It’s not enough to just designate a spacious, well-lit area for your new hydroponics garden. You need to provide the appropriate micro-climate for maximum production. Proper temperature and humidity also repel bugs, algae, fungi, and diseases. So, let’s talk about your grow room temperature and humidity.
Proper Grow Room Temperature And Humidity
Temperature requirements in the hydroponic garden
Okay, so maybe you’re tired of hearing this by now… but it’s so important! The proper temperature range is such a basic and crucial element to a successful hydroponic garden that we don’t want you to overlook it!
Remember the magic optimal range: 65-80°.
There are two types of vegetable crops, each requiring a different temperature range:
- Warm-season crops and herbs: tomatoes, peppers, eggplants, cukes, beans, squash, melons, herbs, etc., need daytime temps of 70-80 degrees, and nighttime temps of 60-70 degrees. The absolute max temperature is 90 degrees.
- Cool-season crops: broccoli, cabbage, lettuces, endive, peas, spinach, green onions, etc., will need 60-70 degrees during the day and 50-60 degrees at night. The absolute minimum temp is 40 degrees.
Yes, you can mix them up some (like growing lettuce with tomatoes) by compromising on temperature. But in general, you’ll have the best results if you grow seasonal crops together, grouped as above. So you can stay within the best temperature range.
More on seasonal crops and when to grow them here: Hydroponic Vegetables.
How to maintain the temperature in your grow room
You might get the idea that since warm temperatures seem to spur plant growth, then why not keep it warm in there 24/7?
Well, it just doesn’t work that way. Plant metabolism requires a cool-down at night. For optimal plant growth and crop production, shoot for a 10-degree drop in temperature at night (at the same time the grow lights are off).
They make a thermometer that records the high and low temperatures reached during the day. This is very helpful:
Or get a combination thermometer/hygrometer (+humidity readings) and place the probe near your plants. This one, from EcoPlus, has large, easy-to-read numbers:
At the bare minimum, you absolutely need a plain thermometer, under the grow lights, where the plants are.
Grow room humidity
Have you ever been in a moist and humid orchid greenhouse? Then you might have the idea that the highest possible humidity would be best for your hydroponics crops, too.
But this is not so. The optimal humidity range for vegetable crops is 40 to 70% RH (relative humidity), with 50% being the best.
If it gets too humid, plants are unable to transpire/breathe properly. Very humid air is also perfect for powdery mildew and nasty fungus to take hold.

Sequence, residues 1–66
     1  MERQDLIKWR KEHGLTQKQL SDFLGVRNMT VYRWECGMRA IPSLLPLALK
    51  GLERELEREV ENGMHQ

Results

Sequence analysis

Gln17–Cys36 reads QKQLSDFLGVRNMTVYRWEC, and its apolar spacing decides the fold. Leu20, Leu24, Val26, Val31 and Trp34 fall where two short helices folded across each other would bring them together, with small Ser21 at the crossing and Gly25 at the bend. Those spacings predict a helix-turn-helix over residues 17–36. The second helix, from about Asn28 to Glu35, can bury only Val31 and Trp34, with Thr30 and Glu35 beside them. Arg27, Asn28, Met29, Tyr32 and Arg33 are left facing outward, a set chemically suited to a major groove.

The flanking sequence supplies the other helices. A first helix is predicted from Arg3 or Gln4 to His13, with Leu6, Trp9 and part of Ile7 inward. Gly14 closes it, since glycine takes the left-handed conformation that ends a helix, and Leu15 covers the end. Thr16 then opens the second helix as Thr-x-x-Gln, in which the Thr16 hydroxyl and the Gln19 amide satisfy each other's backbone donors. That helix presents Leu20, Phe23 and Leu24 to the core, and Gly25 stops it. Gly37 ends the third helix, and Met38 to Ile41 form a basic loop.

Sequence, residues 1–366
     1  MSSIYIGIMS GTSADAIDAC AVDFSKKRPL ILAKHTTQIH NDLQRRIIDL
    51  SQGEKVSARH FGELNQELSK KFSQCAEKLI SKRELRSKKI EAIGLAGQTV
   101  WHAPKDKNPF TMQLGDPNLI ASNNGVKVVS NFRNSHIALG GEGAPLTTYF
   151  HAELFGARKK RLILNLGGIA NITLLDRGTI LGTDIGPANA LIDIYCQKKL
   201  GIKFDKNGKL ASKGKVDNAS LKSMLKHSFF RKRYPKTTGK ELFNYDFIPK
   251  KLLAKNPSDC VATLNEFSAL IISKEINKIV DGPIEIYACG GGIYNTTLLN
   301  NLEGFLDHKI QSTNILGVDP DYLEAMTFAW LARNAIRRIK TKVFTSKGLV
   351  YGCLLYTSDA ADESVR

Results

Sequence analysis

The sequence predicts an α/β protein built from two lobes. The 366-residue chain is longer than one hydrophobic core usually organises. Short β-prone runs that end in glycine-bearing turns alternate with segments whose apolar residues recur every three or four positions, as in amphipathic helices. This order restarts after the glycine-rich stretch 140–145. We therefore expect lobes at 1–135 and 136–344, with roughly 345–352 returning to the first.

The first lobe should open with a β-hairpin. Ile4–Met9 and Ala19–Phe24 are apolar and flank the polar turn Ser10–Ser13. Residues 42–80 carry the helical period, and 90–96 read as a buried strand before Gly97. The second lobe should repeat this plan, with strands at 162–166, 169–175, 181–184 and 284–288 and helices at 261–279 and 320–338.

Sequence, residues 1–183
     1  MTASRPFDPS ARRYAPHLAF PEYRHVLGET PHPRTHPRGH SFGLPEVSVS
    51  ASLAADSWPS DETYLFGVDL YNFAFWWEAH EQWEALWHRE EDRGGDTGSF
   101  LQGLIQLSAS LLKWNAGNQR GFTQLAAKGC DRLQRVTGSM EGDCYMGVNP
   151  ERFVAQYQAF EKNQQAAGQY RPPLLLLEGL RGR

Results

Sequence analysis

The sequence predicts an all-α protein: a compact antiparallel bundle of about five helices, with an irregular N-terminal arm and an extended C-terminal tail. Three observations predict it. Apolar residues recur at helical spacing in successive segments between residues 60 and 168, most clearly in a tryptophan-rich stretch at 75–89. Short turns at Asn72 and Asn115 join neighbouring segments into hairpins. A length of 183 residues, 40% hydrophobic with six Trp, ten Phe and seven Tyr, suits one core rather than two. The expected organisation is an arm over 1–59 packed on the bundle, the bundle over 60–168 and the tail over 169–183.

Very high or low humidity makes pollination difficult (a very important process addressed fully here: Plant Pollination).
Get a hygrometer or thermometer-hygrometer combo and hang it right in your unit so you can keep tabs on this daily. You may be surprised to see how low the humidity in your air-conditioned or gas-heated living room really is.
How to raise the humidity in your garden space?
Buy an inexpensive room humidifier or vaporizer and plug it in next to your unit. This one is inexpensive and does the job well.
Chances are slim that your inside humidity is too high. However, the cure for that is a fan, which you need, anyway. Air movement helps prevents mold and fungus, and promotes air exchange.
Now, listen… you don’t want your crops blasted with a big box fan set on high. What you do want is a small oscillating (turning) fan set on low to gently refresh the humid, stale air around your plant’s leaves. You want to see a slight, gentle leaf movement. This wall-mounted fan is great! BTW, the fan should be left on 24 hours a day.
If you have set up in a damp basement, you might want to invest in a portable dehumidifier unit (good anyway, to help prevent mildew). And if you are growing in a closed-off room, with no windows, you may need an exhaust fan to vent the moisture and stale air to the outside, like the kind used in a bathroom.
FAQ about grow room temperature and humidity
How do I control the temperature and humidity in my grow room?
As mentioned above, you’ll need a few items:
- oscillating fan
Scroll back up if you missed it and see how to use these to help you maintain the proper balance of humidity and temperature in your grow room.
How hot is too hot for grow room?
85 degrees is about as hot as you want to go. 90 degrees or more is way too hot.
What humidity grows mold?
If the relative humidity (RH) in your growing room is constantly above 55, you may be facilitating mold growth. Keep RH below 50 degrees and you should be safe from mold.
What happens if grow room is too hot?
Plants being kept in high heat will suffer and yield much less than plants grown at optimal temps and humidity. In extreme cases (extended high heat) your plants may wilt and not produce anything at all.
Stella and Simon, a couple of back-to-the-land, baby boomer enthusiasts, have embraced the world of homemade hydroponics on their three-acre plot of Florida piney woods. Their journey began after drawing inspiration from Epcot Center’s hydroponics exhibit, and they've delved into various hydroponic methods, experimenting with different systems, configurations, and crops both indoors and outdoors. Their expertise culminated in the creation of an innovative homemade hydroponics greenhouse, documented in their book, Simon’s Super Simple On-the-Grid, Off-the-Grid Hydroponic/Aquaponic Survival Greenhouse.